Wednesday, October 16, 2013

Coming to Terms

I read a blog post the other day. As Rebecca was triggered by Christine Murphy's book Taking Down the Wall, I'm triggered by Rebecca's post, not only as an adoptee but as a first/natural/birth mother. It was a difficult post to read. My adoptee status is different from most of my sisters at Lost Daughters. I'm a late discovery step-parent adoptee. It's not quite the same as what my dear sisters have had to deal with in their lives. I was raised by the woman who birthed me but at the same time, that same woman was the deciding factor in me losing my own daughter to adoption.

I know some adoptees have a hard time with that phrase - "losing a child to adoption". How do you lose a child that you surrendered? It's a legitimate question from where they stand. I can understand their problem with it. Intellectually, you can know about the coercion that happened to us yet at the same time, aren't parents, mothers in particular, supposed to move mountains to care for their children? I know as a mother, I would move mountains to do what I needed to save or help my children. But - why couldn't I move that particular adoption mountain out of the way of my oldest daughter's life? What was holding me back? My age, my unwed status, my upbringing, my parents, my naivete, my insecurity, my fear, my church - these were the obstacles that were too much for me to overcome at that time in my life.

Rebecca says....

"This anger is not an entirely new concept for me. I've acknowledged it before and identified it as "the baby rage." I've long been aware of its existence and intensity. I've simply never allowed myself to acknowledge its direction: my original mother and father."

I understand Rebecca's anger. I also have "the baby rage" toward my own original father. He certainly didn't "lose" me. He looked at me and walked away willingly and permanently. How could he just walk away from me - an innocent baby? I'm told that he never held me - only looked down at me in the crib. I'm told that his first words about me when he saw me in the hospital were "she's so ugly". He wanted nothing to do with  me. How can a man who fathered a child be that way? How could he? He failed me.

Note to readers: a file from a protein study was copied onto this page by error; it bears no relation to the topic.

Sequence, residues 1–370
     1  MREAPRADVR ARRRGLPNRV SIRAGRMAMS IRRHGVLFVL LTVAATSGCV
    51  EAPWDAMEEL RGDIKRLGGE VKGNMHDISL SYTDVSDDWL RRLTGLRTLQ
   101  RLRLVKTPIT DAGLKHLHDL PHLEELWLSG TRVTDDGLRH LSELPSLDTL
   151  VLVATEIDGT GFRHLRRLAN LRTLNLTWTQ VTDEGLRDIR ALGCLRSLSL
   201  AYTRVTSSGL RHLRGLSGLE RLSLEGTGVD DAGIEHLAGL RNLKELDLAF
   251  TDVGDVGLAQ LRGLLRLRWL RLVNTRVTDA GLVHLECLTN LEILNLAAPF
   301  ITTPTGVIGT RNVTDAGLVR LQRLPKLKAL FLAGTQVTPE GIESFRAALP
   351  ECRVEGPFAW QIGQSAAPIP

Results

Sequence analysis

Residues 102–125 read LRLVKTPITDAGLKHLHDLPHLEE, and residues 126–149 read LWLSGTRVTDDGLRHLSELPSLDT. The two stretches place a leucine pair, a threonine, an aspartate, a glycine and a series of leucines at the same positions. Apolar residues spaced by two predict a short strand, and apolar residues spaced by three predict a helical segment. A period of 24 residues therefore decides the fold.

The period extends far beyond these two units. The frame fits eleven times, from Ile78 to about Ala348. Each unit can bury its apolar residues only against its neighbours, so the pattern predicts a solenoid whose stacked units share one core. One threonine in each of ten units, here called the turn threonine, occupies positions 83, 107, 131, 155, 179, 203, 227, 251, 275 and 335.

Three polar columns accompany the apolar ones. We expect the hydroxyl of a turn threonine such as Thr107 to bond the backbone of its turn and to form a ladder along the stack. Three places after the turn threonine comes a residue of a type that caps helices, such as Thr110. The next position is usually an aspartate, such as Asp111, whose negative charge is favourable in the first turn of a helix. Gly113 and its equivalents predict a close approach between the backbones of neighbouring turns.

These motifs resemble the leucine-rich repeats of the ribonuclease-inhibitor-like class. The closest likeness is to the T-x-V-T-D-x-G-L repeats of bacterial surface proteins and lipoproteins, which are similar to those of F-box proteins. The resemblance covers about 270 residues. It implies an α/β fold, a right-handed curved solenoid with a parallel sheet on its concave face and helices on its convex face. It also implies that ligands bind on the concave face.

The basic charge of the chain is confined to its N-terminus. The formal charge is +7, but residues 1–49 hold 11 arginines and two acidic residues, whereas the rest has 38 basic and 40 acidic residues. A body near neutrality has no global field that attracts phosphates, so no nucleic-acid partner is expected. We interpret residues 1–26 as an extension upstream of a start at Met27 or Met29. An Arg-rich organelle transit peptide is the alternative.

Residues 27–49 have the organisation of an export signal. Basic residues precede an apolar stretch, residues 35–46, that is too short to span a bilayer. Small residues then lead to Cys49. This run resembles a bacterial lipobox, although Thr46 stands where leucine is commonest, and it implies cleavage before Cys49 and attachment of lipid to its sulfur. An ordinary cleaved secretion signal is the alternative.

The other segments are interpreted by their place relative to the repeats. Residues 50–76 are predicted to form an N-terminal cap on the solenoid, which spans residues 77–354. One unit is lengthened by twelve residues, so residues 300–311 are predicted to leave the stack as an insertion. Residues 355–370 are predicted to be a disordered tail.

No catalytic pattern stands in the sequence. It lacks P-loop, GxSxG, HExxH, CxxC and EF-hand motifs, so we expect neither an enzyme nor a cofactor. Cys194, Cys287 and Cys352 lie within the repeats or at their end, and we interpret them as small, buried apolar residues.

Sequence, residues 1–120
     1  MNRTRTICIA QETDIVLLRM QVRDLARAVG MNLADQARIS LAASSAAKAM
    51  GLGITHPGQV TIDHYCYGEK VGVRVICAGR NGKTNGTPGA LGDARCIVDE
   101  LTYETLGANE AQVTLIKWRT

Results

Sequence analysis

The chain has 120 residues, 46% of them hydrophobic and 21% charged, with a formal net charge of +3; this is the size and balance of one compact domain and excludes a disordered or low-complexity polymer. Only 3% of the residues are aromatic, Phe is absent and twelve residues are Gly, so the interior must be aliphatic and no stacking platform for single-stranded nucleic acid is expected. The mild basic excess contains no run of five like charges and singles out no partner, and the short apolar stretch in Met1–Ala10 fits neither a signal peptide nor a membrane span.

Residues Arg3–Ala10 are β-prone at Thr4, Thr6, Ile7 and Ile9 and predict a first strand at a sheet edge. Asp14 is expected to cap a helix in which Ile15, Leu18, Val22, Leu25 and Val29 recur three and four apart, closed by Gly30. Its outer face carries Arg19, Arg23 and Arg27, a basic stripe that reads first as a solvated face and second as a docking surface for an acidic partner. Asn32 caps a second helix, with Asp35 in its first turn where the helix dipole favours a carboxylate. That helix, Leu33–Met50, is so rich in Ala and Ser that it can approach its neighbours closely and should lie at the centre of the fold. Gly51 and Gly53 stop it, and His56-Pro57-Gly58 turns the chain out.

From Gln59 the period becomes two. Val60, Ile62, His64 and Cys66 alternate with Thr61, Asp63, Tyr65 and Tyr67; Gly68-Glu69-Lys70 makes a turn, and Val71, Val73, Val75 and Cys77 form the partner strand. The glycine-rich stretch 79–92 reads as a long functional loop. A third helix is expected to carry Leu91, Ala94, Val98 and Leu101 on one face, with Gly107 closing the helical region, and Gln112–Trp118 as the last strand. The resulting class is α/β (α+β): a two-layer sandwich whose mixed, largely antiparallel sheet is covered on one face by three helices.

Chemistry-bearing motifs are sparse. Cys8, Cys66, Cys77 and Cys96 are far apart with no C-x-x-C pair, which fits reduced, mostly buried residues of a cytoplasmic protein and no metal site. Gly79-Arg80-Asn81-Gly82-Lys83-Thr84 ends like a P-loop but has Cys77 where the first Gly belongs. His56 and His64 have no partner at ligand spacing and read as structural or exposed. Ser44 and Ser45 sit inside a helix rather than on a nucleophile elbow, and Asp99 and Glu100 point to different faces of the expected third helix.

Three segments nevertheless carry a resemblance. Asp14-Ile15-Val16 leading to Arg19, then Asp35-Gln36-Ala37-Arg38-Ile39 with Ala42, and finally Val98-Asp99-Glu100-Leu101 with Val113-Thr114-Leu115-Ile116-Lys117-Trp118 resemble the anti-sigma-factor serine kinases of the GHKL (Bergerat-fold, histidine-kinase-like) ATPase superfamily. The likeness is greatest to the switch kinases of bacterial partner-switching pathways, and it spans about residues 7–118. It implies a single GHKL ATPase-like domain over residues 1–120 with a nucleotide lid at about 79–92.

"I am angry because they didn’t fight for me. I am angry that they didn’t rise up and rage against the system that was tearing us apart. I’m angry that they didn’t realize what was truly being lost until it was too late. I am angry that they allowed themselves to be tricked into believing it would all be okay. Because it wasn’t and it never will be. Not entirely."

Just as I had no choice in whether or not I had my original father in my life, my daughter had no choices when she was born. I left her behind in that hospital, unseen and unnamed. Yes, I take the blame for not being there for my daughter. I feel the guilt daily for not being stronger and fighting harder for my daughter. I feel the guilt daily for not screaming at the nurses with their BFA protocol, the ones who took her from me in the delivery room and didn't let me near her. I feel the guilt daily of not standing up to my own mother when she told me that I couldn't bring a baby back to her house. I feel the guilt daily of signing the relinquishment forms that Catholic Social Services pushed in front of me as I sat there sobbing. I feel the guilt daily of not reaching out to others who might have helped me keep my daughter. I feel the guilt daily of what all this means for the relationship between my children as siblings and I feel the guilt of being the cause of the baby rage in my daughter.